Phenomenological Reduction: To Die Before You Die

“There is an experience in which it is possible for us to come to the world with no knowledge or preconceptions in hand; it is the experience of astonishment. The “knowing” we have in this experience stands in stark contrast to the “knowing” we have in our everyday lives, where we come to the world with theory and “knowledge” in hand, our minds already made up before we ever engage the world. However, in the experience of astonishment, our everyday “knowing,” when compared to the “knowing” that we experience in astonishment, is shown up as a pale epistemological imposter and is reduced to mere opinion by comparison.

The phenomenological reduction is at once a description and prescription of a technique that allows one to voluntarily sustain the awakening force of astonishment so that conceptual cognition can be carried throughout intentional analysis, thus bringing the “knowing” of astonishment into our everyday experience. It is by virtue of the “knowing” perspective generated by the proper performance of the phenomenological reduction that phenomenology claims to offer such a radical standpoint on the world phenomenon; indeed, it claims to offer a perspective that is so radical, it becomes the standard of rigor whereby every other perspective is judged and by which they are grounded. In what follows there will be close attention paid to correctly understanding the rigorous nature of the phenomenological reduction, the epistemological problem that spawned it, how that problem is solved by the phenomenological reduction, and the truly radical nature of the technique itself.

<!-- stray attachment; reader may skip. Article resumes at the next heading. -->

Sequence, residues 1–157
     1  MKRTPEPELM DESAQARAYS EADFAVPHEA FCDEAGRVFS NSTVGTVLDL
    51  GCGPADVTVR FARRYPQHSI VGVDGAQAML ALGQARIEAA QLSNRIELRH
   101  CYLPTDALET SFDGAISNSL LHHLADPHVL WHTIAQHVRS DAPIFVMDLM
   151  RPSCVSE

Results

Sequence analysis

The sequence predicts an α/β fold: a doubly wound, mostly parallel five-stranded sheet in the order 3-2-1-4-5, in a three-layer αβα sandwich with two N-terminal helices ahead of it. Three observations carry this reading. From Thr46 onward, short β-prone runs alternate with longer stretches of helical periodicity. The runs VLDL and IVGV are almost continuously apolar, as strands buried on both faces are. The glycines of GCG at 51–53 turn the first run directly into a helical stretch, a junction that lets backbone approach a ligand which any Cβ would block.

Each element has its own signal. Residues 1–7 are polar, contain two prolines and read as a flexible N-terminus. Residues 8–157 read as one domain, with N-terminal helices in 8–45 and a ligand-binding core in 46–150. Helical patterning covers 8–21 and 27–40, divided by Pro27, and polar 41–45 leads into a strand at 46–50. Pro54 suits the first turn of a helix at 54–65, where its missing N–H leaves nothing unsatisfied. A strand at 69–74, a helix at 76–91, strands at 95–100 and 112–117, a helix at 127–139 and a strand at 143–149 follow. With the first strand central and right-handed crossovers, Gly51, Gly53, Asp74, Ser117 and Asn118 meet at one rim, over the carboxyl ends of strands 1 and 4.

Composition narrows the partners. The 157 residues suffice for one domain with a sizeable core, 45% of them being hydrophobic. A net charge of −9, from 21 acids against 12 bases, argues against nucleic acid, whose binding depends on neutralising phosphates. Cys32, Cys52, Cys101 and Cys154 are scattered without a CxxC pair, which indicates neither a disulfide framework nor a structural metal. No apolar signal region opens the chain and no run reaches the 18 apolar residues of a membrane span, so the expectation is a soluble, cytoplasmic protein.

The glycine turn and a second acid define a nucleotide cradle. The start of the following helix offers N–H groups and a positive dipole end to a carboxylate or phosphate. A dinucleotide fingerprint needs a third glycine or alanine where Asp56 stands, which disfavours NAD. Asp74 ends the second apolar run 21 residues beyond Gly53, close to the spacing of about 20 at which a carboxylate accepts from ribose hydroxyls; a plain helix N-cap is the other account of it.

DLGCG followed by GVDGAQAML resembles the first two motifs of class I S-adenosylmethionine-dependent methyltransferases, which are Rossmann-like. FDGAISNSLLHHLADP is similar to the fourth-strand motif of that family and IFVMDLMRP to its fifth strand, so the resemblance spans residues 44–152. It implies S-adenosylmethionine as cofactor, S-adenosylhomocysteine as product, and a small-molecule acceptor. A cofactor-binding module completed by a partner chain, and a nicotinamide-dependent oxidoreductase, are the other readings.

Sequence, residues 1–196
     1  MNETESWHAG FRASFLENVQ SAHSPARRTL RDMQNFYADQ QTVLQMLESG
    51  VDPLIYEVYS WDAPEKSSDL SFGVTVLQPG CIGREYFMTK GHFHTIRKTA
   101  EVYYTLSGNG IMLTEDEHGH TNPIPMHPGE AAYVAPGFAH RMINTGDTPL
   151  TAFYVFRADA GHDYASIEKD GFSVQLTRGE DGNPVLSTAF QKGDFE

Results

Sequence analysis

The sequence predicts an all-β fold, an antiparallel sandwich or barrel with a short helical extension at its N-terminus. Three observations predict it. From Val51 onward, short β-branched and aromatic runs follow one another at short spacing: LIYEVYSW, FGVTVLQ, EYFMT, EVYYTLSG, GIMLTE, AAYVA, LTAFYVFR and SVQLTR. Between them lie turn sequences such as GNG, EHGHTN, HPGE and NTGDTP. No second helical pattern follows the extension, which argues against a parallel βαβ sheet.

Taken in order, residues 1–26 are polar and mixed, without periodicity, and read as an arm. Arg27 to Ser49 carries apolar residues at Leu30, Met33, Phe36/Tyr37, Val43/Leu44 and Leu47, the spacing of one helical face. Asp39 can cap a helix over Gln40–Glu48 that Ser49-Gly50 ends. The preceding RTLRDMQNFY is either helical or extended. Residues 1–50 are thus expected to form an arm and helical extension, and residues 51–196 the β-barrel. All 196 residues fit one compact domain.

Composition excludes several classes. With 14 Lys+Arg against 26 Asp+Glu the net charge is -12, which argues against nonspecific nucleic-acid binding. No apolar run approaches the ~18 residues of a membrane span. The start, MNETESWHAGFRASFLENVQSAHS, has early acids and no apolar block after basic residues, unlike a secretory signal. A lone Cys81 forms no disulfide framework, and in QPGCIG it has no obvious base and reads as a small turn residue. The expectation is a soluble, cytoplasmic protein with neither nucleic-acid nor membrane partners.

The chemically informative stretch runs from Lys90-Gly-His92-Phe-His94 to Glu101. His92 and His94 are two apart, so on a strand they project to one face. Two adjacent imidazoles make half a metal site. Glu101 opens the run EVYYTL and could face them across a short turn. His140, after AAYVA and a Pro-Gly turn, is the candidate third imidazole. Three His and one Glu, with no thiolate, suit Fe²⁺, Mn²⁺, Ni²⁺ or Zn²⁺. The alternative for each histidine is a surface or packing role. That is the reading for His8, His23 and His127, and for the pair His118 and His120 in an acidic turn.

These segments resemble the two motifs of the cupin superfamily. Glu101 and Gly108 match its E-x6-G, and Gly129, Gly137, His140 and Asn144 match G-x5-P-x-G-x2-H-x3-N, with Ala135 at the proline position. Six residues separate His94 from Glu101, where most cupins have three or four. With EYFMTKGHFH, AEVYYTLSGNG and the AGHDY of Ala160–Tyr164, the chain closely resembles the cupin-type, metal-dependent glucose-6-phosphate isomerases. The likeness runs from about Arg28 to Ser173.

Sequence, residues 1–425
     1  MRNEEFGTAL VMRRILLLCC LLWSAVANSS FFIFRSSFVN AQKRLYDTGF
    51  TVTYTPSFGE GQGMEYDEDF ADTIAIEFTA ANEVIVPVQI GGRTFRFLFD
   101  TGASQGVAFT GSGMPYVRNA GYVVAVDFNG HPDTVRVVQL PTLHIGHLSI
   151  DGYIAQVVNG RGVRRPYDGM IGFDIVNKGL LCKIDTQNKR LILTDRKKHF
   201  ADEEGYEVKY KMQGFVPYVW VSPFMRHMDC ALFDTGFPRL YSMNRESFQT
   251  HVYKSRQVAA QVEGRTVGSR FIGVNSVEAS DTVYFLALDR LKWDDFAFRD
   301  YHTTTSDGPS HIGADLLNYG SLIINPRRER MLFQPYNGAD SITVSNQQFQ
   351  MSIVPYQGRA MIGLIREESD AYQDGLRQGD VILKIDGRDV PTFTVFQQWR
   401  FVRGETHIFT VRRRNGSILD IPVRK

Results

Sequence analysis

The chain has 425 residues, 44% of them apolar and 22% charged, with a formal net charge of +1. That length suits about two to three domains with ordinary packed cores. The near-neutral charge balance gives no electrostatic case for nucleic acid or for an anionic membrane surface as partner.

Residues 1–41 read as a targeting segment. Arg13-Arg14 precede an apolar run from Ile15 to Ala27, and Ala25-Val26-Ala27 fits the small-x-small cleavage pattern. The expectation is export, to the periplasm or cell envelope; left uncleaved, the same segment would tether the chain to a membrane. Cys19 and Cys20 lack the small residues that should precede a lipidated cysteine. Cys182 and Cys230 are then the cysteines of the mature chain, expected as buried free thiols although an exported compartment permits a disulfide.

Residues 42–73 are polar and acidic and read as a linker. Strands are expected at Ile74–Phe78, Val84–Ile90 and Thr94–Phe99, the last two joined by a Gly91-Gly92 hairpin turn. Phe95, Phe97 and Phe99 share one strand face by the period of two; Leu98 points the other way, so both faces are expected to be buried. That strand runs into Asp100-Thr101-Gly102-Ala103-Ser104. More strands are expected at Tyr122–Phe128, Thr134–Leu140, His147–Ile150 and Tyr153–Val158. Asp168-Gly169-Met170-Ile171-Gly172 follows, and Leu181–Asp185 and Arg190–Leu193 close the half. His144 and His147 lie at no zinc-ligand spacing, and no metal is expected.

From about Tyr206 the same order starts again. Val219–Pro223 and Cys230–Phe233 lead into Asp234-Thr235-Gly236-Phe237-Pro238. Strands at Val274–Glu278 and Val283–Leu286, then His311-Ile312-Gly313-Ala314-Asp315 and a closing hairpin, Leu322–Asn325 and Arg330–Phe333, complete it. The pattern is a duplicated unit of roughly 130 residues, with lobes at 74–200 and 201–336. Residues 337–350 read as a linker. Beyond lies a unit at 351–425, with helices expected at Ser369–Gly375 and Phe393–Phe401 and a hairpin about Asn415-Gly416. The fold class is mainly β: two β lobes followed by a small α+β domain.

In other words, the phenomenological reduction is properly understood as a regimen designed to transform a philosopher into a phenomenologist by virtue of the attainment of a certain perspective on the world phenomenon. The path to the attainment of this perspective is a species of meditation, requiring rigorous, persistent effort and is no mere mental exercise. It is a species of meditation because, unlike ordinary meditation, which involves only the mind, this more radical form requires the participation of the entire individual and initially brings about a radical transformation of the individual performing it similar to a religious conversion. Husserl discovered the need for such a regimen once it became clear to him that the foundation upon which scientific inquiry rested was compromised by the very framework of science itself and the psychological assumptions of the scientist; the phenomenological reduction is the technique whereby the phenomenologist puts him or herself in a position to provide adequately rigorous grounds for scientific or any other kind of inquiry.”

By John Cogan. Follow the link to read the rest:

http://www.iep.utm.edu/phen-red

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